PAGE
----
But thou wilt say, If I were as Peter, Paul, and Mary were, this gift would be comfortable unto me. For they are saints, and doubtless this saying pertains but unto them. How should I, who am a sinner, by any means understand that it pertains unto me, who have so often offended God by my sins, and have made him my enemy? Such thoughts cannot be avoided, when the heart, after this kind of preaching and reasoning, beholds itself, and considers its sins. And here must we be circumspect and wary, lest we, laying aside God's word, give ourselves any long time to such thoughts, but forthwith must we return to the word, and order our judgment according to the same. For those thoughts are nothing but mere incredulity and unbelief, which goeth about to withdraw us from this sweet gospel. And truly unbelief can be overcome by no other means than by the word of God. Of this Christ spake—that we should not doubt of this word; saying, that his Father, the true and eternal God in heaven, did so love the world, that he delivered his only begotten Son. And this is sure, that the world here does not signify Mary, Peter, and Paul only; but the world signifies all mankind. Therefore if thou takest thyself to be of mankind, or if thou dost not believe that, compare thyself with other mortal men, that thou mayest understand that thou art a man. For why shouldest thou not suffer thyself to be of this name, seeing that Christ with plain words saith, that God gave not his Son only for Mary, Peter, and Paul, but for the world, that all should receive him that are the sons of men. Then if thou or I would not receive him, as though he did not appertain unto us, truly it would consequently follow, that Christ's words are not true, whereas he saith he was given and delivered for the world. Wherefore hereof appears, that the contrary thereto is most assuredly true, that is, that this gift belongs as well unto thee as to Peter and Paul, forasmuch as thou also art a man as they were, and a portion of the world, that God may not be judged in his word, and this thought rise in our heart, thinking on this wise: Who knoweth whether I am also of their number, to whom the Son of God is given, and eternal life promised. For that is as much as to make God untrue to his promise. Wherefore when this thought comes upon thee, suspect it, as thou wouldest suspect the devil, lest thou be therewith deceived. And say thou, What is that to me, that I am neither Peter nor Paul? If God would have given this gift to them only that should have been found worthy, he would have given it to the angels, to the sun, and to the moon; for they are pure and undefiled creatures, which always obey God, and never decline or swerve from his precepts. But this is the truth of the matter, he gave Him to the world, and the world is no worthier thereof than as I said before. Wherefore, although I am neither Peter nor Paul, yet will I not suffer myself to be put beside this gift, but will challenge as much for my part as David and all the holy apostles did. Whatsoever I am, yet God is not to be taken as unfaithful to his promise. I am a portion of the world, wherefore if I take not this gift as mine own I make God untrue."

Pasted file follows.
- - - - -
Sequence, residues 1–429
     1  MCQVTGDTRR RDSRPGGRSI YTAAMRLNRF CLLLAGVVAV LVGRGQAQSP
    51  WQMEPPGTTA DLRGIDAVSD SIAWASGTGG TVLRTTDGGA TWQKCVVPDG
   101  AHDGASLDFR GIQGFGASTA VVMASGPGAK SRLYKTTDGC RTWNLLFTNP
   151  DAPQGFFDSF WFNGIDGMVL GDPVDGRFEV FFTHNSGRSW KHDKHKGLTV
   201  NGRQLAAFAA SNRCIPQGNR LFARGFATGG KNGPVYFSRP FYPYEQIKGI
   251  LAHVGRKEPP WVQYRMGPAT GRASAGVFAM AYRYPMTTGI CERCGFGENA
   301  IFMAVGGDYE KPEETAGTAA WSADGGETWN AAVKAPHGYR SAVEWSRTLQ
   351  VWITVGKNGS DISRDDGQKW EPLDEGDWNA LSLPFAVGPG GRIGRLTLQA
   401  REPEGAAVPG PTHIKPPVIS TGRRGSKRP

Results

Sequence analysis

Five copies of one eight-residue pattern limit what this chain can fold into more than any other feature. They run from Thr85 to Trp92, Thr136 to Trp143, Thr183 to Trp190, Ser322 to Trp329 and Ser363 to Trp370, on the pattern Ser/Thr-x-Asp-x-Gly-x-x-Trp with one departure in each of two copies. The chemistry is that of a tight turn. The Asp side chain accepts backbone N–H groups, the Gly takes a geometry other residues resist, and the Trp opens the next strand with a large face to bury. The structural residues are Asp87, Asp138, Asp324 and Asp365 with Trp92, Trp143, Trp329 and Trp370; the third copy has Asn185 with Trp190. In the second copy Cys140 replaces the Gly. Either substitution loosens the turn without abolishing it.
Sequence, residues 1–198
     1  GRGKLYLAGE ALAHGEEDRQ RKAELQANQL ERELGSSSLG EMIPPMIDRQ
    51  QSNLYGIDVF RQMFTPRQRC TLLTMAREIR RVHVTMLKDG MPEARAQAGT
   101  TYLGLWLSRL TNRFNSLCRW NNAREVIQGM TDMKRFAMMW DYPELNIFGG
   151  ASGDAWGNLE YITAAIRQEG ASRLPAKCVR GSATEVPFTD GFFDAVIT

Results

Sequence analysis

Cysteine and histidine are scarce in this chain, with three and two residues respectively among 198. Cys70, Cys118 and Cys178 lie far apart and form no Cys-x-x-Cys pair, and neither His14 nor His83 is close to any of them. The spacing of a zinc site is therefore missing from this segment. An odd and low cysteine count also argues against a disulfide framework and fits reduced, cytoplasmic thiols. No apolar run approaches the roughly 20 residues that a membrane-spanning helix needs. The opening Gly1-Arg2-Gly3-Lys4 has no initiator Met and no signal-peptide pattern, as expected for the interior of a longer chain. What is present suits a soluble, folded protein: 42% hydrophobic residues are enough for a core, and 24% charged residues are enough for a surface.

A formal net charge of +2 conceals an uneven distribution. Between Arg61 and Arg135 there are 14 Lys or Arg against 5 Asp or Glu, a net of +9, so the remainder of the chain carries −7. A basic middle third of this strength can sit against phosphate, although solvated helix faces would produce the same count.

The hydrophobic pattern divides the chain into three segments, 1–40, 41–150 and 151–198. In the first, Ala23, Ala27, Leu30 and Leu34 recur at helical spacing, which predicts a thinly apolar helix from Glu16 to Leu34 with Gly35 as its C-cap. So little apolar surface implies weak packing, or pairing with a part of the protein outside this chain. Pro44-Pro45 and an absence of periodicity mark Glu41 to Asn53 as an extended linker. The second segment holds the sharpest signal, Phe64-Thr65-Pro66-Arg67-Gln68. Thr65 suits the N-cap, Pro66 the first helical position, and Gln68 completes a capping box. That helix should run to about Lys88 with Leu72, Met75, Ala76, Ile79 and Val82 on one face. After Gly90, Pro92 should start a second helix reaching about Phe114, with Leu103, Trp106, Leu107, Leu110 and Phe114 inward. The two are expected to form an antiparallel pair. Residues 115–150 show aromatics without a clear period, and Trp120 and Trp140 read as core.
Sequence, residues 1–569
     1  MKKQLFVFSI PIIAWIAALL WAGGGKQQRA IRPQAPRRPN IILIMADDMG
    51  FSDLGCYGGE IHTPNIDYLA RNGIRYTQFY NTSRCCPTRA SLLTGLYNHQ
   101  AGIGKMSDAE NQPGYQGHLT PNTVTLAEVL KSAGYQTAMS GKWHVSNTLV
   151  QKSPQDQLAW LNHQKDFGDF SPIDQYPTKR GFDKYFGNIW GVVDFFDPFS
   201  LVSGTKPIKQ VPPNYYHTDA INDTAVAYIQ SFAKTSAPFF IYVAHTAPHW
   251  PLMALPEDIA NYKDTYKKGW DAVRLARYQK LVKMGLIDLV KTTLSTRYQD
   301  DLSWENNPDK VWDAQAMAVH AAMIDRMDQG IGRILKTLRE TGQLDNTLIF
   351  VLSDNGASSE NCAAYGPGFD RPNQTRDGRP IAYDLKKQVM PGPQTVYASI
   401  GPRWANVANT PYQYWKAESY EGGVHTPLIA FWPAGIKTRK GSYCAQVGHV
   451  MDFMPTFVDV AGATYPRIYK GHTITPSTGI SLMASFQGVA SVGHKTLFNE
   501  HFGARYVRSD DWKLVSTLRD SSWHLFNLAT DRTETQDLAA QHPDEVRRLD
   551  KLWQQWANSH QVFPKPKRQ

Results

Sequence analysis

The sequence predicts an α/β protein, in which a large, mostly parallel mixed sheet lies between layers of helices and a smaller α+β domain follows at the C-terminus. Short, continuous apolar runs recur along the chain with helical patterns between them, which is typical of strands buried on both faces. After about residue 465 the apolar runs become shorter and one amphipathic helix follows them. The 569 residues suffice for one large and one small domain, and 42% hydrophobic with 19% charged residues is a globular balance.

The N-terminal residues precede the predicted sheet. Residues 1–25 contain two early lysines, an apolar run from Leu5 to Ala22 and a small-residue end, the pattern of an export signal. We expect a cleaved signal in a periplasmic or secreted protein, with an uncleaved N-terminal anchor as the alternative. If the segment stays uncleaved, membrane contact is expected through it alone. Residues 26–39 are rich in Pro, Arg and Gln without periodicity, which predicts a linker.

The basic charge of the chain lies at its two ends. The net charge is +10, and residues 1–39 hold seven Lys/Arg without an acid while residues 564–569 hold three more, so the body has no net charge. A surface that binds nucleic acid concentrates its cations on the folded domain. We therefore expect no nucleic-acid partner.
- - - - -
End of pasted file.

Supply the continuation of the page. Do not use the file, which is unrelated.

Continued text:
Thomas Becon, "Faith in Christ," in the Writings of the Rev. Thomas Becon (London: Printed for the Religious Tract Society, 1830), 497–500.
A brief biography can be found in Benjamin Brook's The Lives of the Puritans (London: Printed for James Black, 1813), 1:166–170. Or in The Lives of the Puritans, 3rd ed. (Morgan, PA: Soli Deo Gloria, 1996), 1:166-170. See also the entry in the Cyclopedia of Biblical, Theological and Ecclesiastical Literature, ed. by John McClintock and James Strong (New York: Harper & Brothers Publishers, 1867), 1:715.
June 22, 2009
I. The God that made thee, most graciously invites thee.
First, His most sweet and merciful nature invites thee. O the kindness of God, his boundless compassion, his tender mercies! As the heavens are higher than the earth, so are his ways above our ways, and his thoughts above our thoughts: "higher than heaven, what can we do? Deeper than hell, what can we know? Job 11:7, 8, 9. "He is full of compassion, and gracious, long-suffering, and plenteous in mercy." Psa. 86: 15. This is a great argument to persuade sinners to come in, "Turn unto the Lord your God; for he is gracious and merciful, slow to anger, of great kindness, and repenteth him of the evil."